Sound Spells

Sea Peach

By Gemini Jones

A review of Sea Peach by Catherine Kidd and Jack Beetz

Published on October 1, 2002

Sea Peach
Catherine Kidd and Jack Beetz

conundrum press
$16.95
paper
68pp
0-9689496-4-9

Two autumns ago, browsing in The Word bookstore, I came across a handsome purple chapbook called psittacine flute, by Catherine Kidd. The excerpted text on the rear cover began: “If I were to tell stories, I wouldn’t put people in them. I’d tell stories about huge dried bean pods that didn’t come back when you threw them.” I was seduced, bought the chapbook, and read it the same afternoon.

Later that winter, hurrying up Boulevard St-Laurent, I noticed an event bill stuck to a lamppost. The bill boasted an assortment of performers, among them Catherine Kidd and Jack Beetz. I had often heard Kidd’s name, had even seen a photograph of Kidd lounging in a bathtub outside a metro station, but I had never seen her in performance. I was nevertheless curious.

The event was being held at Casa del Popolo, the hub of Montreal’s spoken word scene, and the place was packed. I vividly remember Kidd’s performance. I was first drawn into the piece by her smoky voice and smooth delivery, and held by the sensual richness of her combination of storytelling, music, and performance. Kidd was on stage with Jack Beetz, a deejay who now divides his time between Montreal and New York. Their rapport was like that shown by seasoned jazz musicians. They gave one another subtle signals, smiled, and listened to one another. They also presented many contrasts. Beetz remained for the most part still, while Kidd moved about the stage; Beetz remained silent while Kidd spoke; Beetz focused on his mixing board and on Kidd while Kidd focused on the audience.

The musical composition was sparse. Sound effects complemented the written piece (crows cawed when Kidd mentioned crows). Sound effects also complemented elements of the delivery (the crash of waves on the shore mimicked the smoky smoothness of Kidd’s voice). Further, while Beetz did not neglect to highlight his ability to drop a beat, his compositions were not reliant on beats, and this freed Kidd from having to ride or rock a rhythm. The combination of performance, music, and narrative had an unusual effect on the audience: a number of people said things like “I felt like I was seeing the story.”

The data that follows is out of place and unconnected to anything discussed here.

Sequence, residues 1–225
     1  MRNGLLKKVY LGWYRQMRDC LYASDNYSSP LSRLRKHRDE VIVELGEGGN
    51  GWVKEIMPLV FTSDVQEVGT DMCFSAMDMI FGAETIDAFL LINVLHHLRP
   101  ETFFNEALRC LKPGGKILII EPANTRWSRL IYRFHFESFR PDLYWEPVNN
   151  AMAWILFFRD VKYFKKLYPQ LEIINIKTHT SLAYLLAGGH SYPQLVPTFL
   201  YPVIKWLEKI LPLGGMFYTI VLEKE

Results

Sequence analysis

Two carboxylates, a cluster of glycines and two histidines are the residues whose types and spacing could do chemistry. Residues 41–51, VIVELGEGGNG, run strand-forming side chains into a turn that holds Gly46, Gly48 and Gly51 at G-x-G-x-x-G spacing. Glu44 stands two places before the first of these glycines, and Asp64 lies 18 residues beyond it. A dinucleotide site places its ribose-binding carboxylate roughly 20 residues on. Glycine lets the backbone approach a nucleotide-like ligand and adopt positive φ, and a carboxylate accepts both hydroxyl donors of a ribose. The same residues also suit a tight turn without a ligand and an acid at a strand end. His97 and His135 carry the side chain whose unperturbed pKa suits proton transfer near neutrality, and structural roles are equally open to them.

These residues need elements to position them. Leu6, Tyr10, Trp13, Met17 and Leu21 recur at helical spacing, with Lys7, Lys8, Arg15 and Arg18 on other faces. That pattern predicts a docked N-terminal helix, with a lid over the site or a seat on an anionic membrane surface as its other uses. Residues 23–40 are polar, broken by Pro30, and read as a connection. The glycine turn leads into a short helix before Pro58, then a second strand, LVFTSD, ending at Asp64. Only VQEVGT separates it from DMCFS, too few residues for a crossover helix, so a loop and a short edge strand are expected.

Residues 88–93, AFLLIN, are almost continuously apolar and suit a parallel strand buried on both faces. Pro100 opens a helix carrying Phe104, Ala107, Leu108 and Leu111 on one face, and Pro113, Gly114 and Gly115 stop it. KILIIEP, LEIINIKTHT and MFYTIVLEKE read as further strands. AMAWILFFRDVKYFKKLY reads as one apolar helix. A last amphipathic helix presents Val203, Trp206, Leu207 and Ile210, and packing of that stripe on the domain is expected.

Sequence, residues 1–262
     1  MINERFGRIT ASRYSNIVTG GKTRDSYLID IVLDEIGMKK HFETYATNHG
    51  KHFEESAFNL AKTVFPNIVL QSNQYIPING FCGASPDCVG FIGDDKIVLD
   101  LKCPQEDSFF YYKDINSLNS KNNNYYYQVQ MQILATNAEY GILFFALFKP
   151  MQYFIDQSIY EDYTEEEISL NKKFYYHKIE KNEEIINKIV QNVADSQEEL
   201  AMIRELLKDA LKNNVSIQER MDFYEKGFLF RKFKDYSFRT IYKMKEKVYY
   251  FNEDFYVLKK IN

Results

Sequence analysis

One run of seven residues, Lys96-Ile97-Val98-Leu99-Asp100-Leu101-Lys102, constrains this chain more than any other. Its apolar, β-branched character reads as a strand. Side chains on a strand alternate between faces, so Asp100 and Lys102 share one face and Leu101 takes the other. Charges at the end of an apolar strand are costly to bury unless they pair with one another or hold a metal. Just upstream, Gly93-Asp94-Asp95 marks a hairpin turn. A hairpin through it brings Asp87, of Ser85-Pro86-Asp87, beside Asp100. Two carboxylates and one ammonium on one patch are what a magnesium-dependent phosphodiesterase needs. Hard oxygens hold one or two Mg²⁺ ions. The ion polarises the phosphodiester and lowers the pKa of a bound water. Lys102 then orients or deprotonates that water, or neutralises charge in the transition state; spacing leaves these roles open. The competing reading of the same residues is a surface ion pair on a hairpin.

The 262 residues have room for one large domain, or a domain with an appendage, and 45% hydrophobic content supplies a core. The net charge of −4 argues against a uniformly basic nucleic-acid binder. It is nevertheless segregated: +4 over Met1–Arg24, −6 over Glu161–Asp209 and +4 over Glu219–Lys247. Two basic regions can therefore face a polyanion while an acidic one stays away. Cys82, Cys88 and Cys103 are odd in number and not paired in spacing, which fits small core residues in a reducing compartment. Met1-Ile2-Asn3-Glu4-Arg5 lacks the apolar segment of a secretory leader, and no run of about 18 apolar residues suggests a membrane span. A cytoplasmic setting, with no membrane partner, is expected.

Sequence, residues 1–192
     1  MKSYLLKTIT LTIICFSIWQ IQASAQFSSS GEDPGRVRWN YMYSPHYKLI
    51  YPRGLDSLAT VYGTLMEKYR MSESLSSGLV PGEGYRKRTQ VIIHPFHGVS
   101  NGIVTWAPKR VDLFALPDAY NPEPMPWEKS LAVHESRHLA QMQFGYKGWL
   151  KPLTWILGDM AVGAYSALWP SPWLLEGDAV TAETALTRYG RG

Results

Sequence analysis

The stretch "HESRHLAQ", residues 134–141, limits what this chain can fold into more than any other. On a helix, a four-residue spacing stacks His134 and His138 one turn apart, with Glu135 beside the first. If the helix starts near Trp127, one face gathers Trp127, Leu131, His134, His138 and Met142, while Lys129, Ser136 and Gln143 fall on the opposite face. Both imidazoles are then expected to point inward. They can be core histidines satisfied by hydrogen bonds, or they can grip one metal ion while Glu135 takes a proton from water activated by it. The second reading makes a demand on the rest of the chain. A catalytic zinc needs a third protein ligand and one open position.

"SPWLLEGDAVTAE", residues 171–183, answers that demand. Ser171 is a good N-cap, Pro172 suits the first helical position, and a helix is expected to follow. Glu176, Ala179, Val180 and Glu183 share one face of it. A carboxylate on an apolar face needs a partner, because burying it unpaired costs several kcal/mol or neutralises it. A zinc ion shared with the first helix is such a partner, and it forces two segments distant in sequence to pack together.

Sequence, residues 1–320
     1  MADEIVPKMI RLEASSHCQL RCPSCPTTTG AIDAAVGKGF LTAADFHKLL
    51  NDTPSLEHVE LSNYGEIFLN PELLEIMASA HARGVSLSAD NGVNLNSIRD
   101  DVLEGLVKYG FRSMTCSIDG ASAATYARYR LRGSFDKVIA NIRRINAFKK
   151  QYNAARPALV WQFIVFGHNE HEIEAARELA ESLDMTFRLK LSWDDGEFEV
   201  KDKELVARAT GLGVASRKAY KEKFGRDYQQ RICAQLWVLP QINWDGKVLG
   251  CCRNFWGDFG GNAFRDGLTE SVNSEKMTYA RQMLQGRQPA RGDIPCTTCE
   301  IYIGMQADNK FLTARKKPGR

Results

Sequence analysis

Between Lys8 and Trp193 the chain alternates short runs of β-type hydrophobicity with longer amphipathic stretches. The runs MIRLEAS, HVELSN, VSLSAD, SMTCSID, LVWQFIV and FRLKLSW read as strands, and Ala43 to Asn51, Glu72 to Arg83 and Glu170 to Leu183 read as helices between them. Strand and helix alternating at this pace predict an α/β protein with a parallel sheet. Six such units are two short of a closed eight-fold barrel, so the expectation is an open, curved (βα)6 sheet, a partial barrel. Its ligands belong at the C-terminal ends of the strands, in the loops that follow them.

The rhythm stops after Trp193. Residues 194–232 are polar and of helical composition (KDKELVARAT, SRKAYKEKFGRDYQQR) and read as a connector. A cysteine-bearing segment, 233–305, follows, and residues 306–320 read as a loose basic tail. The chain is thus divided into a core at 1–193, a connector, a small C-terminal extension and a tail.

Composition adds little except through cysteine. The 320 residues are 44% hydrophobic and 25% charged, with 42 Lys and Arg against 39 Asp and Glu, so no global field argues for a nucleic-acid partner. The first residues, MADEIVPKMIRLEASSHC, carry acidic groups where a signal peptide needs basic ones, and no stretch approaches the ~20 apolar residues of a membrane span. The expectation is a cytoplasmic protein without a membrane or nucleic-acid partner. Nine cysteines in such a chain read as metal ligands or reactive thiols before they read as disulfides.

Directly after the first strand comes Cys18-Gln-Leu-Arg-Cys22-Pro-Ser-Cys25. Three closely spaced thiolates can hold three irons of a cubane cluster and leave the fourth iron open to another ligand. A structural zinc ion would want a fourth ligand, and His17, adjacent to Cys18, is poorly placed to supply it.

Purchasers of Sea Peach, a CD (published by Wired on Words) and book (published by conundrum press) will be interested in how the duo’s work holds up as aural pieces alone. How will the visual element and the live element be translated? Where will the performance go? How different will the experience of simply listening to Kidd and Beetz be from that of seeing and hearing them?

For this listener, the absence of performance allowed for concentration of Kidd’s voice. There is no distraction from those subtle dynamics that characterize the oral expression of emotions like excitement and surprise, which are suddenly recognizable as sounds alone. When we listen to a spoken word artist who knows how people express different sensations – sarcasm, irritability, resignation – we realize that oral traditions borrow heavily from theatre and music.

Sea Peach tells the story of a young woman dealing with loss and love. She remembers and recites stories and bits of wisdom that her father used to tell her: “The past is a garage sale, Agnes, you pick the things which seem to be valuable, you take them home.” She later finds her father’s typewriter – his prized possession – “that spidery old machine” – packed in a storage closet in her mother’s house, and through typing/writing investigates her memory, her relationship to her parents, her faith in herself and in her strength. She later feels love, and meditates on whether acceptance of an immersion in this love will force her to compromise her independence and identity. The text is accompanied by assorted visual images, including some of Kidd in performance, reminding those who have seen her that listening to the work on CD removes the spatial focus the audience has when watching the duo on stage.

When Kidd and Beeetz perform at Casa del Popolo, the narrow room, small stage, and packed house can leave a sense of constraint, of the work pressing against some barrier or boundary. The removal of walls and crowds allows the work some room to recline, to breathe, to expand.

When I spoke to Kidd about the process of memorizing her texts, she told me that she records them, then plays them back to herself until she can speak along with the recording. She refers to this as “eating the text.” Once the text has been eaten (and presumably digested), it can be adapted to the stage. Where performance is concerned, Kidd maintains that the text is fixed, and that the performer, (vulnerable to moods, to situations, to audiences) is unpredictable. The performer must have faith in the text, as a rider has faith in her horse. The performer simply trusts the text to carry her. mRb

(No bio available.)

Comments

0 Comments

Submit a Comment

Your email address will not be published.

More Reviews

The Rebel Scribe

The Rebel Scribe

Christopher Neal's biography of radical journalist Carleton Beals is an epic tale of adventure, romance, and revolution.

By Malcolm Fraser

Acting Class

Acting Class

In Acting Class, Nick Drnaso is concerned with the vivid world of the interior.

By Connor Harrison

Peacekeeper’s Daughter

Peacekeeper’s Daughter

Peacekeeper’s Daughter is Tanya Bellehumeur-Allatt's memoir about her time in Lebanon while her father, a UN ...

By Yara El-Soueidi